Marjory Stoneman Douglas High cheerleaders and parents flooded the Broward School Board meeting Tuesday, hoping to overturn the firing of a coach who was accused of bullying students, demanding fees from parents and other violations.
But after hours of passionate, sometimes teary testimony, School Board members unanimously declined to intervene in the matter — effectively letting Superintendent Robert Runcie’s dismissal of cheerleading coach Melissa Prochilo stand.
“It’s a step in the right direction,” said Tammy Tornari, one of several parents at the Parkland high school who had been complaining to Douglas Principal Washington Collado since January about rule-breaking in the cheerleading program.
When the complaints in recent weeks reached Runcie and the School Board, the superintendent removed Prochilo’s name from the district’s reappointment list of coaches and other part-time positions, which is subject to annual approval. That effectively ended Prochilo’s stint as cheerleading coach, though she is still a substitute teacher at Douglas.
After failing to get her old job back, Prochilo blamed School Board “politics” for her ouster.
“Just let the principals run the school, and keep the politics out,” she said, adding that she felt she’d done nothing wrong.
Some parents accused the coach of bullying students, allowing the squad captain to bully others on the team, and a host of district rule violations. Those included pressuring parents to contribute large sums to the booster club (rules require contributions to be voluntary), telling cheerleaders to forge their parents’ signature during an unauthorized field trip, and operating a bank account without school oversight, with expenditures that often benefited friends of Prochilo’s.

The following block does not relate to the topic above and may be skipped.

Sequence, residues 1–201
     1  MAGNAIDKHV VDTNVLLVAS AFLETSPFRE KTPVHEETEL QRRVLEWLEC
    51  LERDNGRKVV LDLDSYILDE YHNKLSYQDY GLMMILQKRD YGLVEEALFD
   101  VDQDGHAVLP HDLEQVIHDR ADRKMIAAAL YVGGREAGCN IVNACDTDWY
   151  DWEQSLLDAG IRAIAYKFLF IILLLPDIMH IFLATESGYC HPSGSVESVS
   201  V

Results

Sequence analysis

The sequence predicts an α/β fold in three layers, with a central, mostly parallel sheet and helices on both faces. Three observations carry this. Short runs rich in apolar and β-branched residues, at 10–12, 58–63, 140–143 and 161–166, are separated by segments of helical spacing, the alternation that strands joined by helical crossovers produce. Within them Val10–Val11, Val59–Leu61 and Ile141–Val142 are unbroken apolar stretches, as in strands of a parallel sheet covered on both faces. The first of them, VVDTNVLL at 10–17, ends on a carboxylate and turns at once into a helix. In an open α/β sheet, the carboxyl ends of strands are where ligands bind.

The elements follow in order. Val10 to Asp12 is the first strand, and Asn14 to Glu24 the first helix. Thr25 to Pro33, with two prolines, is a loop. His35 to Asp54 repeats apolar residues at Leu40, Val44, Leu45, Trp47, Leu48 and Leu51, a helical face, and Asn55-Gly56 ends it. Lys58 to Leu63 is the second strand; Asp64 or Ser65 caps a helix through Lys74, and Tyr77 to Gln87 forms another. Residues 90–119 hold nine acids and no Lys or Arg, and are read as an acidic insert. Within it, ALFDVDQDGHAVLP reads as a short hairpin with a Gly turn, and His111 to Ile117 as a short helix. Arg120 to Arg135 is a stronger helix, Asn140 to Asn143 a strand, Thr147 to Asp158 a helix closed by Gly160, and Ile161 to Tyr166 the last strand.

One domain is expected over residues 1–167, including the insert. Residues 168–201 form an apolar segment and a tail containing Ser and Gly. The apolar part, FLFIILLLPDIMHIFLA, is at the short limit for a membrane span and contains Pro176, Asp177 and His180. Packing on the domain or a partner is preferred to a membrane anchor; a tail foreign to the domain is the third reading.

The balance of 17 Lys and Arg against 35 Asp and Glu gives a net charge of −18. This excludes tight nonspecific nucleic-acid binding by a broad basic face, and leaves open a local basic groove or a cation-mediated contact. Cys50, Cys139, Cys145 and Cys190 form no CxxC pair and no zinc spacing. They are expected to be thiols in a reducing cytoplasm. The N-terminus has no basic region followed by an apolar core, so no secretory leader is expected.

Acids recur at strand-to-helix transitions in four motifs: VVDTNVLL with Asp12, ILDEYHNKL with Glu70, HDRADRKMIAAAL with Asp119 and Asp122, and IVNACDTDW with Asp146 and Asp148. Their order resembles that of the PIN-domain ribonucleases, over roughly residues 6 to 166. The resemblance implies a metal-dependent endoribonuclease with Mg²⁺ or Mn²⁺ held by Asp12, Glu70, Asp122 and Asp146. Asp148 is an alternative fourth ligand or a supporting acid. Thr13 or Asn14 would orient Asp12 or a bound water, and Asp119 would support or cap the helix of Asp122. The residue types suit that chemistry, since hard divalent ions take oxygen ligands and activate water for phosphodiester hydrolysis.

Parents cited evidence that included cheerleading team e-mails, website postings, and cancelled checks.
About 75 Prochilo supporters argued for the coach to be reinstated, stressing that the district’s internal investigations had not found Prochilo guilty of any wrongdoing. Investigators cleared Prochilo of telling her cheerleaders to forge parents signatures, even though eight cheer team members signed sworn affidavits saying they committed forgery at their coach’s urging. Results of another probe into the other complaints have not been released.
Prochilo supporters told board members that she is both kind and ethical. They said the parents who complained were on a “witch hunt” driven by the fact that their daughters weren’t good enough to earn starring roles on the cheer team.
Douglas freshman and cheerleader Brittany Bolger said it was the students complaining about the coach who were the bullies, as they had fabricated “rumors and lies” about Prochilo. She said the cheer team was “being antagonized and intimidated by these girls, who go through school calling themselves ‘The Plastics.’ ”
After board members upheld Prochilo’s firing, Runcie urged parents in the affluent Northwest Broward community to put the dispute behind them, and learn to get along with their neighbors again.
“You need to set an example for your children,” he said.
In other board action Tuesday, district staff released preliminary estimates on how well Broward will comply with state class-size requirements, with about 84 percent of classes expected to be in compliance this year — up from 54 percent a year ago.
Runcie said he anticipated the district may receive a small fine for not being in full compliance, but he does not want to implement “draconian” measures such as school enrollment caps.
The district also announced a new e-mail address for parents who have any lingering school bus problems: email@example.com.